Writing a compiler in Ruby, bottom up
(To follow my compiler related posts, either subscribe to my main RSS feed, or the compiler specific one )
Back in March 2008 I started publishing a series on how to write a compiler in Ruby, bottom up, that is, starting with the code generator and working my way up instead of the more traditional approach of writing the parser first. Here are the parts I've published on my blog so far.
(The bits labeled "interlude" are sort-of related articles in that the cover issues with writing/developing compilers, or issues related to compilation, but are not directly tied into the actual article series)
- Step 1 - Creating a simple prolog / epilog for the main function
- Step 2 - Function calls / Hello World
- Step 3 - Chaining expressions ; Adding sub-expressions
- Step 4 - Defining functions ; Adding support for a runtime
- Step 5 - Number literals ; if .. then .. else
- Step 6 - Anonymous functions: lamba / call
- Step 7 - Making use of lambda / call ; Function arguments
- Step 8 - Assignment, arithmetic and comparisons
- Step 9 - A builtin "while"
- Step 10 - Testing the compiler: A primitive "parser"
- Step 11 - A separate emitter class to output assembler
- Step 12 - Adding support for arrays
- Interlude - A simple operator precedence parser
- Step 13 - Local variables
- Step 14 - Variable length arguments
- Step 15 - Starting on the real parser
- Step 16 - Extending the parser
- Step 17 - Inferring "let"'s
- Step 18 - Plugging in an operator precedence parser
- Interlude - The Ruby Object Model - useful overview as the next steps is to start fleshing out an object model
- Step 19 - The Object Model
- Interlude - The problem with compiling Ruby - Overview of some of the problems with compiling Ruby
- Step 20 - Taking stock of where we are; detail walkthrough of the shunting yard parse component
- Step 21 - Basic support for the Symbol class; starting to work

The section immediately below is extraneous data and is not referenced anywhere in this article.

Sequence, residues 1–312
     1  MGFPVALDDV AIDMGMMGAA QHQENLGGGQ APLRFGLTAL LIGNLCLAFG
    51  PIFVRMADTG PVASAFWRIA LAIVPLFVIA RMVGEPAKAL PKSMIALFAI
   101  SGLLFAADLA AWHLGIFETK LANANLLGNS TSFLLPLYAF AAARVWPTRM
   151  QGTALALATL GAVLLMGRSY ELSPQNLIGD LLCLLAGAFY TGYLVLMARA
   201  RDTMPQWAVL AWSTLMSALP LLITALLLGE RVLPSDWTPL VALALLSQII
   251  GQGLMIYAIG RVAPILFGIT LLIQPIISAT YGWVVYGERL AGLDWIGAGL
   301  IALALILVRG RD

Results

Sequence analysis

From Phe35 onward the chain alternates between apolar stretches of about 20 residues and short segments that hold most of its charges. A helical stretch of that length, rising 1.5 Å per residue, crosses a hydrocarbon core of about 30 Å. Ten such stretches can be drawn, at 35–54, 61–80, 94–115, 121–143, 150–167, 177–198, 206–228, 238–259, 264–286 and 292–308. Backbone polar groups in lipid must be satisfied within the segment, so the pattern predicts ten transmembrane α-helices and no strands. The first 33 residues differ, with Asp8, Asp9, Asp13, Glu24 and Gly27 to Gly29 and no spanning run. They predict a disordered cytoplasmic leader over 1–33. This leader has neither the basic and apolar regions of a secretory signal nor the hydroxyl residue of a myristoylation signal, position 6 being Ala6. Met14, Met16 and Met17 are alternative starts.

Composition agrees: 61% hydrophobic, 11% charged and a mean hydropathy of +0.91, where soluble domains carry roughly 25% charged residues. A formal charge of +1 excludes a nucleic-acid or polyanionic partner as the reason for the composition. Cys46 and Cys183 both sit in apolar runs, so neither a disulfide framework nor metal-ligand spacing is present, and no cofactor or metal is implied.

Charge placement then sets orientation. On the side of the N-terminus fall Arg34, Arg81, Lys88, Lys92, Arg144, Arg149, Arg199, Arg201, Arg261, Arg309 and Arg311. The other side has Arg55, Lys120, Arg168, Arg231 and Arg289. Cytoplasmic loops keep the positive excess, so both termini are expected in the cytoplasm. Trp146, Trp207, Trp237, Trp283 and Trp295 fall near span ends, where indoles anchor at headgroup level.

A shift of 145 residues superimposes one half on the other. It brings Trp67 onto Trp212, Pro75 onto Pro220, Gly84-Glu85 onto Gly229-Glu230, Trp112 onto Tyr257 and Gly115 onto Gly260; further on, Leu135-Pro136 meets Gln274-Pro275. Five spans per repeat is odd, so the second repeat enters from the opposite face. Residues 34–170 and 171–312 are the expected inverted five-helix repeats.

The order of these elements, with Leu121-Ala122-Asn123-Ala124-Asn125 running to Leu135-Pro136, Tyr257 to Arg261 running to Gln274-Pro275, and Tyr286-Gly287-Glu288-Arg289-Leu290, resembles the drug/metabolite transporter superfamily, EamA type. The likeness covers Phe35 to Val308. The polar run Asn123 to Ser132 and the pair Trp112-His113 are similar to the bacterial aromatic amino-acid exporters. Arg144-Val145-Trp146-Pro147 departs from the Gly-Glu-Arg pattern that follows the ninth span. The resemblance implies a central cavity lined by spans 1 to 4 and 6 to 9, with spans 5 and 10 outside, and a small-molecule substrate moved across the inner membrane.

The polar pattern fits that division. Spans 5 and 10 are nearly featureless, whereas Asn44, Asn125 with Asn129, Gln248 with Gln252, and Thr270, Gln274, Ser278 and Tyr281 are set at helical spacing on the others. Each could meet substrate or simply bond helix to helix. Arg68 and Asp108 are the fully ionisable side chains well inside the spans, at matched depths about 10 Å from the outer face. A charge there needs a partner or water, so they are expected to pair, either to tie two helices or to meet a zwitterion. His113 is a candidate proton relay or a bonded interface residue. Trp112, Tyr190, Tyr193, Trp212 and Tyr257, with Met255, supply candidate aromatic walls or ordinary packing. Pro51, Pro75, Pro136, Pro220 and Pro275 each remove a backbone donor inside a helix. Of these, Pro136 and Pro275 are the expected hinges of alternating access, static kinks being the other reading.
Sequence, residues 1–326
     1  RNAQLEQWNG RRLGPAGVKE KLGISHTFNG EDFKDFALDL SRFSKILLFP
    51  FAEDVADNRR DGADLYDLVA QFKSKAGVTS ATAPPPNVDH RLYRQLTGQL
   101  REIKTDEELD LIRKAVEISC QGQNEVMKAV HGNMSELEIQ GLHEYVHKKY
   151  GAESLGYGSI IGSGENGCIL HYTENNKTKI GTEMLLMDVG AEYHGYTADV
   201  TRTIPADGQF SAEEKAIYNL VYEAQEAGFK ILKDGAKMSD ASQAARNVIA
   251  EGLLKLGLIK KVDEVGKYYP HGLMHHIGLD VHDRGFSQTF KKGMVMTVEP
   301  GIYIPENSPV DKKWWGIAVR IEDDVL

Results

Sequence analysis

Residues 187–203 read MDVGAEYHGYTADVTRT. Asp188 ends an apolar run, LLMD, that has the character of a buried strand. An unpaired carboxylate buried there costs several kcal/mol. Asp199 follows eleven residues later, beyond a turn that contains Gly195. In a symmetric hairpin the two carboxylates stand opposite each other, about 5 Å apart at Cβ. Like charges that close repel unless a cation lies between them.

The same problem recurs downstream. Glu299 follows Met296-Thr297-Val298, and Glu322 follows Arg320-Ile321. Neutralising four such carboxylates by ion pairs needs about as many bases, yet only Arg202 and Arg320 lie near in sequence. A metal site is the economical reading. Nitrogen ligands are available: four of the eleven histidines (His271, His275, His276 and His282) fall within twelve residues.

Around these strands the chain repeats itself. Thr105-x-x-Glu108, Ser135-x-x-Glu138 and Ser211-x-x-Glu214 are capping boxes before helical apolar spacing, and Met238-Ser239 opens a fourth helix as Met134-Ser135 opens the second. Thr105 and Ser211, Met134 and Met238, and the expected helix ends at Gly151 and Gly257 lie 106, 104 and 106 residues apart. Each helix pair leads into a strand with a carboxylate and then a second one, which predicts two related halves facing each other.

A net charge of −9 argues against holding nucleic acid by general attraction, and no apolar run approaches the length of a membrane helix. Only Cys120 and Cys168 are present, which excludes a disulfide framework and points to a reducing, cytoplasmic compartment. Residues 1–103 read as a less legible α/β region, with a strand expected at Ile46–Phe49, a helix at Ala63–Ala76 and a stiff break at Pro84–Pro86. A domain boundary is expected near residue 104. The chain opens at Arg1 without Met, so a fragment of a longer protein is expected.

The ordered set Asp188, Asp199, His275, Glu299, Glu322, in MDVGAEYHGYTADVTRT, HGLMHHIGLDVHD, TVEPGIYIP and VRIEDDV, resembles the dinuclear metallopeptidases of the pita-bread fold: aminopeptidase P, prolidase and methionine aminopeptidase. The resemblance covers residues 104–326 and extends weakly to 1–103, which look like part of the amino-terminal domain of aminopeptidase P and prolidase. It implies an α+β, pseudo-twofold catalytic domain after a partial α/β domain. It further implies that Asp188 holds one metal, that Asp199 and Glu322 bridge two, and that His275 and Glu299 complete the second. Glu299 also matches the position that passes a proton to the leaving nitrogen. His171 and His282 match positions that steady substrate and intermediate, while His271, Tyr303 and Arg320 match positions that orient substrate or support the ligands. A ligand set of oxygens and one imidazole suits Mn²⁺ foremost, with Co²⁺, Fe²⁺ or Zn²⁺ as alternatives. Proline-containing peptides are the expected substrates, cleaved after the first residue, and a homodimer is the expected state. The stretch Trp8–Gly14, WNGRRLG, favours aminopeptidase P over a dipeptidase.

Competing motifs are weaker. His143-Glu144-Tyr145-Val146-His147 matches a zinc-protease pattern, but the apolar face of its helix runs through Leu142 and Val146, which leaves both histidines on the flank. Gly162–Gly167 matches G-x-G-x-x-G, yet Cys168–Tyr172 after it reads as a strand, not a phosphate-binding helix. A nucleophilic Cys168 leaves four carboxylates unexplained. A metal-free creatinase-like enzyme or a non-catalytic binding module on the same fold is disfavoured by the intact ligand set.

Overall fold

- Step 22 - A diversion into method_missing
- Step 23 - Real Strings: Turning strings into objects
- Interlude - How to implement closures
- Step 24 - The Outer Scope: Cleaning up and adding the "main" object
- Step 25 - Towards define_method via closures
- Step 26 - Taking a stab at STABS support (debugging/gdb)
- Step 27 - The Operators - Part 1: Parsing; The start of the removal of 'runtime.c'
- Step 28 - The Operators - Part 2: Turning numbers into Numbers (or small enough integers into Fixnum's at least)
- Step 29 - The Operators - Part 3: Operating on our newly minted Fixnums
- Step 30 - The Operators - Part 4: Comparisons
- Step 31 - Stringing things together; basic string output and string interpolation
- Step 32 - Testing code generation
- Step 33 - Register Allocation
- Step 34 - Putting self in a register
- Step 35 - Towards Self Hosting
- Step 36 - Scanning for problems
- Step 37 - Default Arguments
- Step 38 - Super
- Step 39 - To be or not to be nil
- Step 40 - Untangling "expect"
- Step 41 - Messy further steps towards self-hosting
- Step 42 - Re-opening class definitions
- Step 43 - Eigenclasses (December '14)
- Step 44 - Wrapping up self-hosting of the tokenization code (planned for December '14)
- Step 45 - '#send' and method lookup (planned for December '14 or early Jan '14)
All the code can now be found in this GitHub repository
A recent (as of 2014) article series on "reconstructing" Ruby (in C)
Someone commenting on this series on Hackernews pointed to Nicklaus Wirth's excellent book on compiler construction (PDF available on his homepage) as a good starting point from a traditional, top down point of view. It's a good and very approachable book, and well worth a read.
Another great series with a more traditional approach is a famous series by Jack Crenshaw: Let's build a compiler
This page at Stackoverflow has a great list of other compiler writing resources.